His adult self was very much surprised with how much his small town has changed. And how it still the same podunk town he left behind. I enjoyed the parts where he realized things were different now, more accepting and open. Bullies are now friends and the pastor is only a human who loves his son.

    The book also excelled in bringing bull-riding to life. This is a world I know nothing about, but here, it was portrayed, not so much in vivid detail, but with well-written glimpses that easily captured the rodeo world. It brought us the heat and adrenaline, the heart stopping triumphs and the sometimes fatal losses, and the indomitable spirits of men who risk life and limb for 8 precious seconds.

    Down Low is simply wonderful. It is one man’s eye-opening homecoming, a reliving of unforgettable memories, a comfort for years of hurts, a fixing of mistakes, and a tumultuous reunion of childhood sweethearts. It takes us through a whole gamut of emotions, sad, happy, painful, sweet and more. Yeah, quite a ride this one!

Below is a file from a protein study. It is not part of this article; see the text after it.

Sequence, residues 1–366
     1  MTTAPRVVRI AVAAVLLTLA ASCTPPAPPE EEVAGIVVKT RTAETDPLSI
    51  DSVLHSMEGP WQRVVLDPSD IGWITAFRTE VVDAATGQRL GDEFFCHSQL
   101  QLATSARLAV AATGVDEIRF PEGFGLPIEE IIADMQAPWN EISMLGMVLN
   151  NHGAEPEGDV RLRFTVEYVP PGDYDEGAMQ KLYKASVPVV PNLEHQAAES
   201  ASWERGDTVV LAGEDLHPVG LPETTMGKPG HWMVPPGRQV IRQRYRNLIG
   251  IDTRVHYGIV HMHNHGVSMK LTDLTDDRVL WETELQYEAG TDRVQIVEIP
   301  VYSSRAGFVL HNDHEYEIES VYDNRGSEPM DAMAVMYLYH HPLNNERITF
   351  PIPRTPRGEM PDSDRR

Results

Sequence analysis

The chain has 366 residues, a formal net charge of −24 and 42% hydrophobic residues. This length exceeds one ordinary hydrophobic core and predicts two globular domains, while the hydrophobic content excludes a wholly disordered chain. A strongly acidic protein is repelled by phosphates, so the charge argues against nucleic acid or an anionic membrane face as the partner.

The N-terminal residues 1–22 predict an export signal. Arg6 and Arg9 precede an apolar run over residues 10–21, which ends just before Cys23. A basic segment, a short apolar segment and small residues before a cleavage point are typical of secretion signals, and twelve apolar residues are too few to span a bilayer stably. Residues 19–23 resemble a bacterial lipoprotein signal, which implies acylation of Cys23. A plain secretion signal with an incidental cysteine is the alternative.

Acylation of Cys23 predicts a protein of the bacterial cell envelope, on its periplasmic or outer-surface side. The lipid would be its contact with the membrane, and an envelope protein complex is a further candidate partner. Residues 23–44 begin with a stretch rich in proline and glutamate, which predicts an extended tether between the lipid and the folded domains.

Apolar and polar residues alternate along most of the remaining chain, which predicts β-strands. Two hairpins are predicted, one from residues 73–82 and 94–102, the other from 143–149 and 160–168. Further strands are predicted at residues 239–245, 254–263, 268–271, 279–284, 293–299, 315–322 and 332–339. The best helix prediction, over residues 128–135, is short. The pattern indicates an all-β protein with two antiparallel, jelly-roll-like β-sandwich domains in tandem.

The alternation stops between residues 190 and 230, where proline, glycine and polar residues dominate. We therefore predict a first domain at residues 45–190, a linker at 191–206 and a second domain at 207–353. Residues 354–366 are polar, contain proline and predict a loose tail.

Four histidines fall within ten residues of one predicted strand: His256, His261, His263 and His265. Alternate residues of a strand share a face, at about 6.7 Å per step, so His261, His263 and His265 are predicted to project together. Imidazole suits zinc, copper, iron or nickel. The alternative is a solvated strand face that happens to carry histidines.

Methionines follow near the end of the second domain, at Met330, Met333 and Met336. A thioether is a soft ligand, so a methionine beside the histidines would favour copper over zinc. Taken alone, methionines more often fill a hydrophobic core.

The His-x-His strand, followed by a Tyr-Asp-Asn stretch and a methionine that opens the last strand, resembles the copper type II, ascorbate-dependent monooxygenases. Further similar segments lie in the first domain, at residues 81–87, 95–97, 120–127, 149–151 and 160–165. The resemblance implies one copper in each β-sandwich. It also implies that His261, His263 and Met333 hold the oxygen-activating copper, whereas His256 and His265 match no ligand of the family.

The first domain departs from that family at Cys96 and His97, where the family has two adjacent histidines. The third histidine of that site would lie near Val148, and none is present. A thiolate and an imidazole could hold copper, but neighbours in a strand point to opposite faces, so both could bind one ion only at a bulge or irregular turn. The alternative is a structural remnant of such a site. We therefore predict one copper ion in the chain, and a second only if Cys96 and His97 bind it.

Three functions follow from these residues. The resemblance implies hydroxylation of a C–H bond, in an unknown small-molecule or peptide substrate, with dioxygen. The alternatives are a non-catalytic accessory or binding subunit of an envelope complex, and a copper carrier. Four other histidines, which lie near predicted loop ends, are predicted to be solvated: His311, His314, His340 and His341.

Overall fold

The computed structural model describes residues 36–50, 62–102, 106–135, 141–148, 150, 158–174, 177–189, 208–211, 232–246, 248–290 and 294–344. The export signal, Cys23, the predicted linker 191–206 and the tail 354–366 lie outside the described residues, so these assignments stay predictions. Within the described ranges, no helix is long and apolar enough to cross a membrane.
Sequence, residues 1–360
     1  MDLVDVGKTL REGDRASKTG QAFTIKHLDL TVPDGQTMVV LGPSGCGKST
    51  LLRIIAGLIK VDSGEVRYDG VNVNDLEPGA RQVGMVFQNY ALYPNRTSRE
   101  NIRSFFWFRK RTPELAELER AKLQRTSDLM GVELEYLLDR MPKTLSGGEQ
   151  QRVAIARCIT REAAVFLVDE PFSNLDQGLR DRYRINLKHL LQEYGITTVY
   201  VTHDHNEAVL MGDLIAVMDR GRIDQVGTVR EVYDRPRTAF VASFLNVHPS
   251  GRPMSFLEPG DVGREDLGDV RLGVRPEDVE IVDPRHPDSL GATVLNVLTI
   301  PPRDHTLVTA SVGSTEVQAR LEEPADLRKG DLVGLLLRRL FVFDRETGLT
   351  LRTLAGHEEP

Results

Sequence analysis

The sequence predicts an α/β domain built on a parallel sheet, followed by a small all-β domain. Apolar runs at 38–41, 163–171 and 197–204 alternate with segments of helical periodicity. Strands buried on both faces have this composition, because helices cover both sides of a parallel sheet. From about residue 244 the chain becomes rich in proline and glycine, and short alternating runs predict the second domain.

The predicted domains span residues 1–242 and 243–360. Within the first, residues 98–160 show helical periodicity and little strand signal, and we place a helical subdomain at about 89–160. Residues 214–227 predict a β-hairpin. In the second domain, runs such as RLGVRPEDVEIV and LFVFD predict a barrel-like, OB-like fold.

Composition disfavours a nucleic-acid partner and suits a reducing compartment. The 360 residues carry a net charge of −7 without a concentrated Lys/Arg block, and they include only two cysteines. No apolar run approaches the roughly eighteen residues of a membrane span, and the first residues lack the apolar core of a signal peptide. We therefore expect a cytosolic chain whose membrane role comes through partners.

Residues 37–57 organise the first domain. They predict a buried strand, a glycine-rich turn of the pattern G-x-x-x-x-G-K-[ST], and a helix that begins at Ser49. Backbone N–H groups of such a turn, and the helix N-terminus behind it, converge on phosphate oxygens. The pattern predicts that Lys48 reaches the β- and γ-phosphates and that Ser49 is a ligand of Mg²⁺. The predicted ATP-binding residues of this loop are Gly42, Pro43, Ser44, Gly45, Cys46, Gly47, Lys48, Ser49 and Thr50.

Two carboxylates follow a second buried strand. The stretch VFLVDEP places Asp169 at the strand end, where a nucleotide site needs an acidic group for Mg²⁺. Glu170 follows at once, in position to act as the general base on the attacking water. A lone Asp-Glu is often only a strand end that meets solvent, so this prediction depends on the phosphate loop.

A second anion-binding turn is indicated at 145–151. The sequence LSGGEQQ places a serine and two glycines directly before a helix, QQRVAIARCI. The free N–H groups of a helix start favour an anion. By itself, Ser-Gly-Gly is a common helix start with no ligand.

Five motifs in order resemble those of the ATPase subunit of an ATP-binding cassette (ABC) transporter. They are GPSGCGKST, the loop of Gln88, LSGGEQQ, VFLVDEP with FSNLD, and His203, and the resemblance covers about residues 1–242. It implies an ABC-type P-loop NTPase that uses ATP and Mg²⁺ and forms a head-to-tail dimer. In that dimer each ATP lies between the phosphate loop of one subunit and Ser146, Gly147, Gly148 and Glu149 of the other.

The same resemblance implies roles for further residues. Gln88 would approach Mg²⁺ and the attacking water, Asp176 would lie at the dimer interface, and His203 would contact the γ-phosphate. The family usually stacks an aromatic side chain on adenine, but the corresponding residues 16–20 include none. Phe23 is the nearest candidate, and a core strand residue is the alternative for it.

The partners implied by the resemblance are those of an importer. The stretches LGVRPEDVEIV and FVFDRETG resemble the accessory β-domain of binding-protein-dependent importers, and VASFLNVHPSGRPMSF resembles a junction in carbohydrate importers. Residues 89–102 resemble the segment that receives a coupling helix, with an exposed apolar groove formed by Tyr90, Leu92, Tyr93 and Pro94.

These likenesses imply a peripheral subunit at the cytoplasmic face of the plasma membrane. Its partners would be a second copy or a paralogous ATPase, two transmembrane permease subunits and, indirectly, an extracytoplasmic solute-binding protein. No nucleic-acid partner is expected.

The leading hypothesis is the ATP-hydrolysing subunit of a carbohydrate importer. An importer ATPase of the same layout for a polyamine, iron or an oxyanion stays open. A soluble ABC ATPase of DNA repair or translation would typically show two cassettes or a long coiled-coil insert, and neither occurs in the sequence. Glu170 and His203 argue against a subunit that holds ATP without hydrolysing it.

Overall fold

Rating:
    4.5 Stars – perfection is only half a step away

    Soundtrack: Son of a Preacher Man
    Artist: The John Does
    Album:


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    AUDIO REVIEW: Natural Twenty by Charlie Novak

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    Roll For Love: Natural Twenty – Charlie Novak

    Plants are easier than people—that’s Leo’s rule of thumb. After all, nobody really wants a man who looks like he belongs in a biker gang but would rather spend his time buried in books and flowers. It’s just easier to be single. Until he meets the owner of the new book shop.

    Jacob Morris knows two things: he’s really attracted to the man who runs the local flower shop, and he doesn’t date. Not when he’s still healing from a bad breakup, has a new business to run, game nights to organise, workshops to host, and a website to build.

    When friendship blooms into something more, Leo and Jay must decide whether to roll the dice and take a chance on love or keep forging ahead on their quests alone. Will their roll yield a one or a perfect, natural twenty?